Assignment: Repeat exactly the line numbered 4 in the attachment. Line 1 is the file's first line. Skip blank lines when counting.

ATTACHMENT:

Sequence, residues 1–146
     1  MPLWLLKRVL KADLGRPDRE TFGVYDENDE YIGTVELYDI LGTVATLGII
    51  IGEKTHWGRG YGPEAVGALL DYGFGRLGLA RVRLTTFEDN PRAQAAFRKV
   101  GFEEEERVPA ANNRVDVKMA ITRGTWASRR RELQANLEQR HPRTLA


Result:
   101  GFEEEERVPA ANNRVDVKMA ITRGTWASRR RELQANLEQR HPRTLA